When I first began working as a financial advisor, I was convinced the correct answers were in the numbers. Put together a plan, determine a savings rate, hang on through the ups and downs of the market and voila – success! I was as naive as those economists who base beautiful theories on the existence of homo economicus, the rational human being who carefully calibrates his wants and needs before making an emotionless economic decision.

Fast forward these dozen plus years, and it is now clear to me that a successful plan begins with a simple dictum – know thyself (or, in my case, know thy client). Every individual has a unique money personality, and while providing a carefully constructed, stress tested plan with clearly defined inputs and outputs and an equity heavy portfolio may work for some clients, it certainly isn’t one size fits all.

We’ve retooled our planning process to include an assessment that helps us understand several key factors for each client. Regardless of whether or not you approach determining your money personality as systematically as we do, there are a few factors you should consider:

Risk Tolerance – risk tolerance is defined as both the willingness and the ability to accept risk. There are a number of inputs that help determine both facets of risk tolerance, but the bottom line is that if your portfolio is not in line with your risk tolerance, at some point in the market cycle, you’re likely to be disappointed at best or, at worst, pull out of a bear market due to losses.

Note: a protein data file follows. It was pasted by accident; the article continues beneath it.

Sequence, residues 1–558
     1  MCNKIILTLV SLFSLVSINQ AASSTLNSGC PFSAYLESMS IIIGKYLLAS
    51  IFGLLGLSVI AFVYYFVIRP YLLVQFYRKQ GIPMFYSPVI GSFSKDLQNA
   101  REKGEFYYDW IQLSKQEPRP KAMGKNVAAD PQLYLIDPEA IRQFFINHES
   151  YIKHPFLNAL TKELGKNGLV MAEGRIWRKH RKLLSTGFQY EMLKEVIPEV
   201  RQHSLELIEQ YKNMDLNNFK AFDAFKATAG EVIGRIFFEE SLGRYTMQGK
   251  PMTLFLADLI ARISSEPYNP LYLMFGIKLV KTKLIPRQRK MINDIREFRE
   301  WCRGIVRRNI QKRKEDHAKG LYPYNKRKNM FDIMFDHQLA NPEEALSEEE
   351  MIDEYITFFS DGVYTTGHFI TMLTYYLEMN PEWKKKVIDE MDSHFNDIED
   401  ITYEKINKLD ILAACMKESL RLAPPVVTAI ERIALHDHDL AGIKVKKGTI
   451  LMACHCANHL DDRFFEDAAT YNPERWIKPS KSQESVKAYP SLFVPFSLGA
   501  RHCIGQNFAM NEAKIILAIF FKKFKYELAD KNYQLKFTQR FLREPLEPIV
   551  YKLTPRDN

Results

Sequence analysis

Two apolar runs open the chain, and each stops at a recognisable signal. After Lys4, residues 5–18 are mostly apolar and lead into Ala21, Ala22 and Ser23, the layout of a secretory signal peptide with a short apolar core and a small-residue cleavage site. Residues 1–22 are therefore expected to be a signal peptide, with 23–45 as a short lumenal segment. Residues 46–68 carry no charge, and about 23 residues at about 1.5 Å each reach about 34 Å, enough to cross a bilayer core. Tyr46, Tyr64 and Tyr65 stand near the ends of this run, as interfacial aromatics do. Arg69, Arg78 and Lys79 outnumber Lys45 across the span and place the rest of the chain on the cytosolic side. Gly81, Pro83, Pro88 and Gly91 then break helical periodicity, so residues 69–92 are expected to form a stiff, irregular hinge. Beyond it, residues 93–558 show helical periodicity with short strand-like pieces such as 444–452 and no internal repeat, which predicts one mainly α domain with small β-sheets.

Cognitive Biases – I’ve written a good bit about cognitive biases in the past (see here for one example), but it is because investor behavior has such a large impact on returns. Our biases – often tied to mental shortcuts we take – generally have a negative impact on returns, so understanding what your particular biases are can help you recognize them and avoid them when they come into play.

Decision making style – while you are likely aware of your decision making style, it is helpful for us as advisors to understand what your particular style. Do you tend to make decisions deliberately, or do you review all the data and quickly make a decision? When it comes to communication, are you more visual or verbally focused? Understanding these and other factors allows us to provide you the information and time you need to make decisions with you are comfortable.

How you mesh with your partner – it is rare that couples’ money personality match perfectly, so you should take the time to explore each of the above issues with your partner. We’ve found that taking the time to do this at the outset of planning leads to stronger financial goals and less disagreement as you pursue those goals.

While the core of a plan is the mathematical model on which I focused when I first began my career as a financial advisor, how you interact with that model depends upon your money personality. Taking the time to understand your personality – and that of your partner if applicable – greatly increases the likelihood that you’ll feel comfortable implementing the plan over the long run.